I mentioned this to my consultant, and he said that this is a common finding in ME. Can anyone explain what enables our immune system to be so hyper active? It would be interesting to know.
  6. Gerwyn

    Gerwyn Guest

    A depressed HPA axis would leave our immune system switched on after the initial viral infection.It is thought that mito damage following infection prevents the HPA axis elevation that normally occurs following infection I was the same no infection for years
  7. George

    George Guest

    I've only had this hard core for three years and yep. I get lots of stuff but it doesn't last and I actually feel better when I have a cold or flu or something. I'm guessing this gives my always on immune system something productive to do.
  8. Countrygirl

    Countrygirl Senior Member

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    Strange, I feel better too when I have an infection. It feels as though my immune system is fighting the bug instead of me!
  9. George

    George Guest

    Well, Hell

    B cell depletion. Get it. The immune system is made up of T,B, and NK cells sooooo if those cells are

    1)infected with XMRV
    2) you catch a cold and your T(2) and B cells and do their job eating the invading virus

    then. . .
    3) the B cells go back to the lymphnodes where they are killed and taken off
    4) to be eliminated by the liver and kidneys.

    voilia b cell depletion and symptoms become somewhat better.

    hmmm, this would go towards establishing causality of XMRV to CFS, just like the recent study.
  10. Countrygirl

    Countrygirl Senior Member

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    Hi George,

    Thanks, George, that's really interesting. :Retro smile: I'm no biologist, but it makes sense .....could it be true? I wonder how many other folk feel better when they have an infection....apart from the lurgy lurking within.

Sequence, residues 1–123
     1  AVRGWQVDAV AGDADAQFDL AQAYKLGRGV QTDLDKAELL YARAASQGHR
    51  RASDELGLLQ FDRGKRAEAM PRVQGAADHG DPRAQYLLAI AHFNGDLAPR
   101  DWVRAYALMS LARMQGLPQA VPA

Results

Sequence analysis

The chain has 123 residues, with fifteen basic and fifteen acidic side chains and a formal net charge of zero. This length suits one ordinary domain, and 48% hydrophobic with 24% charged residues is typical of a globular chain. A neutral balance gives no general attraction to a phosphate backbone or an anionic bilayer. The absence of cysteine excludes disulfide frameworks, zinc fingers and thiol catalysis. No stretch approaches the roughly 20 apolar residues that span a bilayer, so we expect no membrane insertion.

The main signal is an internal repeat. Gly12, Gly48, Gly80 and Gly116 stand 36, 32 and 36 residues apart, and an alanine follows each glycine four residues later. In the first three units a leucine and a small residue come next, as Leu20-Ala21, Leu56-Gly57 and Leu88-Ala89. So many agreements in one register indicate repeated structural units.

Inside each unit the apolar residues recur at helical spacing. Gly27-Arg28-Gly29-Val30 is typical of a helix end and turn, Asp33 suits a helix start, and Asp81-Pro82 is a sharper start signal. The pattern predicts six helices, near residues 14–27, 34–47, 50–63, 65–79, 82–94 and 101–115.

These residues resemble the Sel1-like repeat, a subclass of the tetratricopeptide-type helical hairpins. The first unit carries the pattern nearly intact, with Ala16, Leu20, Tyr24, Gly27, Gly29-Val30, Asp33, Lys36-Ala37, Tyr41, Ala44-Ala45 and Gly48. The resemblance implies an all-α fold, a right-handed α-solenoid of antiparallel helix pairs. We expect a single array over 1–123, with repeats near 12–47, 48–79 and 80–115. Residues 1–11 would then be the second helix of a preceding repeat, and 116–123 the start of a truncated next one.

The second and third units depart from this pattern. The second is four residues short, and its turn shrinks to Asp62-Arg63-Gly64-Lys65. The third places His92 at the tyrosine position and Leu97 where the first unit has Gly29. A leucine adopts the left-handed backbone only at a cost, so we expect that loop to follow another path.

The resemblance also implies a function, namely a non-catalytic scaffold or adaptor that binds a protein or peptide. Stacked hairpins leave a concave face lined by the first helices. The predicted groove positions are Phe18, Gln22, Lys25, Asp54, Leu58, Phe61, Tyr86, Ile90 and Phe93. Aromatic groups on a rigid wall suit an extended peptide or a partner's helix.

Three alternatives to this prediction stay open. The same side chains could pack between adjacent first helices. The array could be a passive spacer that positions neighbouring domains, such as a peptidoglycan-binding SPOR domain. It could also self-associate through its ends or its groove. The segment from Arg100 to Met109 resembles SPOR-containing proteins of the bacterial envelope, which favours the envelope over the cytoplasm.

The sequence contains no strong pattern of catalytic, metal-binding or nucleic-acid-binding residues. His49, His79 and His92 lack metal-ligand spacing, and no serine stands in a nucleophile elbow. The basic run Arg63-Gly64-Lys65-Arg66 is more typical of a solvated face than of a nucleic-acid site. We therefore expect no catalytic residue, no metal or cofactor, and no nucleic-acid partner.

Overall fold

My question to Gerwyn earlier - and I don't know if you have any comments, George - is how come many of us do not develop cold symptoms after we have ME (can't bring myself to use the name CFS)? :confused: I find I get a heavy duty infection - although I can't run a decent fever anymore - but haven't developed a minor bug such as a cold, since I became ill. Have you any theories, George? I'm puzzled because Kurt wrote, quoting a paper, that our NK cells are 60% down. (This is the third time I've posted this question today. :ashamed: Is becoming obsessional part of the picture? :innocent1:)

    Gotta go, the neighbour's cat is howling on my stairs. :eek:
  11. Gerwyn

    Gerwyn Guest

    Just a thought hyperstimulation of T cells by "swine flu" causes excess nk cells ending up "attacking" lung endothelium if excess NK cells "mopped" up by infection possible depletion of symptoms I still dont understand the conflict in the data on the one hand showing a 60% drop in NK's with other ,fairly convincing, data showing immune hyperstimulation a depressed hpa axis would explain both the general feeling of malaise and flu like symptoms as they are caused by the immune system and not the infectious ageant----how that equates with a nk drop I dont know
  12. Mithriel

    Mithriel Senior Member